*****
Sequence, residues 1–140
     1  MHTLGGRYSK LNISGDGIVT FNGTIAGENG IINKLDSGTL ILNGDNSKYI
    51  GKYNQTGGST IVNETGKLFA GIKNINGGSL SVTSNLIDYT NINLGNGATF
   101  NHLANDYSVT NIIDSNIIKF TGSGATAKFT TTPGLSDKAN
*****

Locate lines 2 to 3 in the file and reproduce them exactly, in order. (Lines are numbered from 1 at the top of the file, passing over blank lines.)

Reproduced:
     1  MHTLGGRYSK LNISGDGIVT FNGTIAGENG IINKLDSGTL ILNGDNSKYI
    51  GKYNQTGGST IVNETGKLFA GIKNINGGSL SVTSNLIDYT NINLGNGATF